If you are currently studying with ILSPA, you have the opportunity to attend one of the tours which take place monthly at the Royal Courts of Justice. The feedback which we receive from students shows the tour to not only be an enjoyable and informative day out, but also a valuable resource for their studies.
After the personal tax allowance and the duty on alcohol and tobacco, one of the most eagerly scrutinised elements of the UK Government’s Annual Budget Statement is Stamp Duty. More correctly known as Stamp Duty Land Tax, this is a levy that is of interest to anyone who is considering the purchase of a house.
What is Stamp Duty?
Stamp Duty is a tax levy that is payable on the purchase of a residential property or piece of land. The tax is applicable to freehold and leasehold, whether the transaction is financed by a mortgage or is an outright purchase. Stamp Duty is also payable on second and subsequent homes but at a different rate.
Who pays Stamp Duty?
If your studies with The Institute of Legal Secretaries and PAs have delved into the intricacies of land law, you will appreciate that there are a number of rights in land that can arise within our legal system. From the beneficial interests that flow from trusts in land to covenants and easements, there are myriad ways in which a particular piece of land may be burdened by another person’s right, and this article aims to look at these in turn.
The first thing you need to know about restrictive covenants is that they are never any more than an equitable interest in land (in line with S.1 of the Law of Property Act 1925). This is unlike the easement that we will discuss next, which can also be a legal interest in land.
As a student with The Institute of Legal Secretaries and PAs, it is always a good idea to acquire a clear appreciation of exactly how the English legal system works. From the conventions of Parliament that have accrued over many centuries to how evidence may be given in court in light of the fact that we now live in an advanced technological age. It is this latter dimension of our judicial system that we will turn our attention to in this article.
Good old-fashioned methods
When most people think of paying a visit to a court, it is usually either associated with a wrongdoing, for example, criminal activity – or, perhaps, as part of an educational field trip. Yet, the recent announcement from tourist review site TripAdvisor, recognising the UK Supreme Court with an Award of Excellence, is encouraging those outside these typical visitors to enjoy a day at the courts. There are also great reviews about the Royal Courts of Justice in the Strand.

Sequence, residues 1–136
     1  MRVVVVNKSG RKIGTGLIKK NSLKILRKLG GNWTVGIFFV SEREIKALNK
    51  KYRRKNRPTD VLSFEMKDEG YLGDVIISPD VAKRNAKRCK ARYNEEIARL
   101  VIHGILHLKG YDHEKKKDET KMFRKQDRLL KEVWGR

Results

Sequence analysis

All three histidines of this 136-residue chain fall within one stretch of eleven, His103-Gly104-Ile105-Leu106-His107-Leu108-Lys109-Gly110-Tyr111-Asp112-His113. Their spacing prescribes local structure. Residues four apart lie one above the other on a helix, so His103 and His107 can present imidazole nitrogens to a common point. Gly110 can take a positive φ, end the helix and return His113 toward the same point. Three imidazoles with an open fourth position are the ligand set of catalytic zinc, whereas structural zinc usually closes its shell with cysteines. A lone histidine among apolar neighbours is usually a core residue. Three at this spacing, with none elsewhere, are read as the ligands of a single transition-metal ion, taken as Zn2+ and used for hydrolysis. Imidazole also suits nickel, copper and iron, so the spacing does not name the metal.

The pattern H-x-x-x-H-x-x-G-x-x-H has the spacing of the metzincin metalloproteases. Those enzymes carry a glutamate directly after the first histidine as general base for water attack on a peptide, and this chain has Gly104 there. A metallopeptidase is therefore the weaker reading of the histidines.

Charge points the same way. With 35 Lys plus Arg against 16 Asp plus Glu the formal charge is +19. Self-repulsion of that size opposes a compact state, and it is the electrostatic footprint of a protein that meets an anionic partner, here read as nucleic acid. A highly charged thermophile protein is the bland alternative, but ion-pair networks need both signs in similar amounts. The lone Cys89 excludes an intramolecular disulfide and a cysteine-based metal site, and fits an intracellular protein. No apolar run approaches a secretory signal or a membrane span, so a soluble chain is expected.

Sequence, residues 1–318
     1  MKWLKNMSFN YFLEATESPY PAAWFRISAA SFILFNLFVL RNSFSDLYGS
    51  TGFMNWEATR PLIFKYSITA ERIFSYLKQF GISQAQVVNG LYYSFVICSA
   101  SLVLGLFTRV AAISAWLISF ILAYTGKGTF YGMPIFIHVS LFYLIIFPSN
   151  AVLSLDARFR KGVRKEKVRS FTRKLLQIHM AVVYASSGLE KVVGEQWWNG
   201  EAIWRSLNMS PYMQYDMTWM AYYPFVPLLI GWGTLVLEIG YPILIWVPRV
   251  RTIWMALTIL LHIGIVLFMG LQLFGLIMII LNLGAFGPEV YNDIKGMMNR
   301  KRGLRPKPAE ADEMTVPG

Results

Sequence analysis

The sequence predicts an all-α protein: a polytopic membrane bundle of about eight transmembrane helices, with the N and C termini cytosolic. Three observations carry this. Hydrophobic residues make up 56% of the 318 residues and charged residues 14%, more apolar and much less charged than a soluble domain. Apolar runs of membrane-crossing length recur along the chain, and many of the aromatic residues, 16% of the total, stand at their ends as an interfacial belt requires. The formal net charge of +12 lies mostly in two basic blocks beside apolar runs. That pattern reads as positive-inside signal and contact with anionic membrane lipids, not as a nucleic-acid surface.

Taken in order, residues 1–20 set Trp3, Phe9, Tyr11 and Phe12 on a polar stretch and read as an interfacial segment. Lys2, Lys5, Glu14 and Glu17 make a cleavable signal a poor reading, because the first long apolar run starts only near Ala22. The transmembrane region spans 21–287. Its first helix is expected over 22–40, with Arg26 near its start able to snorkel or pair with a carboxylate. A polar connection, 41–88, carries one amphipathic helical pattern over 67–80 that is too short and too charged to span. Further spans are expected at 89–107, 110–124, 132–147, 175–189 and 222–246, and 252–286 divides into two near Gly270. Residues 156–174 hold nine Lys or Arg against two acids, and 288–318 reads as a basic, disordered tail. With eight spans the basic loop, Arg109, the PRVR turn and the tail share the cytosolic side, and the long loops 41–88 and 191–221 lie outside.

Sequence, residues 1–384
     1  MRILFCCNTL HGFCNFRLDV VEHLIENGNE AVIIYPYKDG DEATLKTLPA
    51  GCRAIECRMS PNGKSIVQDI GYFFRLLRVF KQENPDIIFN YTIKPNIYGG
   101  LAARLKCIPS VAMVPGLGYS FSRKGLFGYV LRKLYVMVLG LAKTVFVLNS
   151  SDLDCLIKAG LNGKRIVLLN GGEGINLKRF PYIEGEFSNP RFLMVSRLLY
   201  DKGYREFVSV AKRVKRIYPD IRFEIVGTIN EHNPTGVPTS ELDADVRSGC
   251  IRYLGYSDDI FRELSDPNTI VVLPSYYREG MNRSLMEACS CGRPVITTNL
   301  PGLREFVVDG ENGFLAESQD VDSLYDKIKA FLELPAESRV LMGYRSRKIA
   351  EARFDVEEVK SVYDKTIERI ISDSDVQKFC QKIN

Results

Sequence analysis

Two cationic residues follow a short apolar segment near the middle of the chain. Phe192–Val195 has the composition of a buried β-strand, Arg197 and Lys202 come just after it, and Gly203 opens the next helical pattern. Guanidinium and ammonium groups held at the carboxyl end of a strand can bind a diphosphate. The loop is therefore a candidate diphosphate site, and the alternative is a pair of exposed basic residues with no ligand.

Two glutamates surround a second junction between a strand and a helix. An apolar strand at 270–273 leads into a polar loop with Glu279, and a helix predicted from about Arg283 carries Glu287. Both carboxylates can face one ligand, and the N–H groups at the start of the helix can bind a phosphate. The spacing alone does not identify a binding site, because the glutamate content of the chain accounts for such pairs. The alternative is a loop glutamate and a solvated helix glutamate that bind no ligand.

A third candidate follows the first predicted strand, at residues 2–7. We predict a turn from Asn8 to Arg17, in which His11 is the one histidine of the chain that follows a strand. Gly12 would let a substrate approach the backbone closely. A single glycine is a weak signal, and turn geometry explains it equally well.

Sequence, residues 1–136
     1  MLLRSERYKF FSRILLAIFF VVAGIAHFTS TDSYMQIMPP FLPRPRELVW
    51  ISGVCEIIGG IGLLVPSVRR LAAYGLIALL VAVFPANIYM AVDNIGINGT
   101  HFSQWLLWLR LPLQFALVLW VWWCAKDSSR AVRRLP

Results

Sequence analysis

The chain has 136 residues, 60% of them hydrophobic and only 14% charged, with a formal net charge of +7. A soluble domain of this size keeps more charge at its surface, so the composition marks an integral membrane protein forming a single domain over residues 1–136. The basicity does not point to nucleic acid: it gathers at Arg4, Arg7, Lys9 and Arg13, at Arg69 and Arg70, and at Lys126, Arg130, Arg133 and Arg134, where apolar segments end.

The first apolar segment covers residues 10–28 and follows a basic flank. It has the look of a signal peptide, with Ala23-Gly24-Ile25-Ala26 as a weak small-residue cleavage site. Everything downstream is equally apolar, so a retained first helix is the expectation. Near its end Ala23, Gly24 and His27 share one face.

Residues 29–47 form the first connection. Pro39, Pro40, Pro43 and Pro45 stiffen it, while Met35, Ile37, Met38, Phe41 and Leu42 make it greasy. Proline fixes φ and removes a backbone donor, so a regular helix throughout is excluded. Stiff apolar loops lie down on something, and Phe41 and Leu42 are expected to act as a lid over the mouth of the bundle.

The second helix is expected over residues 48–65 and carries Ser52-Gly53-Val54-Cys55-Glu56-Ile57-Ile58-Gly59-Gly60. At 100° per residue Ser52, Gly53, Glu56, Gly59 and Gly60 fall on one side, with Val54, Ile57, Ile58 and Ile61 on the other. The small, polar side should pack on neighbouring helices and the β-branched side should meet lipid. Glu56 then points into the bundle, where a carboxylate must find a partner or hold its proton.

Almost everybody at some point in their lives has procrastinated in order to avoid doing their work or a task in the vain hope that it might complete itself, or maybe even disappear. Unfortunately for you and me, it never disappears; in fact, it normally gets more and more urgent or difficult to do. The best way out of this cycle is probably not to get into it in the first place.
This month, we are reviewing key aspects of English land law. Students often find land law a difficult subject to study. Part of the reason for this may be because ownership of land in England has its roots in the feudal system established by William the Conqueror after 1066. The modern source of land law is derived from common law, equity, and legislation such as the Law of Property Act 1925 and the Land Registration Act 2002.
Whilst we all fully appreciate the fact that using the correct terminology in all areas of law is imperative, Wills are perhaps of the most importance. After all, we are talking about discharging the last wishes of the deceased: therefore, we really do need to ensure we get things just right.
Alas, though, when it comes to the terminology used in Wills, this is not always the case. It takes just a couple of words that could be construed in another way to be inserted into a Will to really mean the difference between the testator’s dying wishes being carried out and part or even all of the Will’s legacies falling into intestacy.
If you have been studying ILSPA’s Legal Secretaries Diploma course, you will already have a good understanding of the way in which the common law system of England came into existence. Our legal system – as well as other legal systems throughout the world, such as those in Australia, India and South Africa – is based on common law.
What is common law?
This month we are focusing on a survival guide for how couples can reach a financial settlement on their own when divorcing or ending a civil partnership. We will highlight key principles that should be considered and how the courts reach their decisions if a court order is needed.
Overview of the law
When financial orders are made by the court, normally the spouses’ financial needs and the needs of any children of the family are the main focus of the case. When the assets involved in a case are more than enough to cover needs, then additional considerations may apply, such as what assets were brought into the marriage or the parties’ behaviour.
Making an agreement without going to court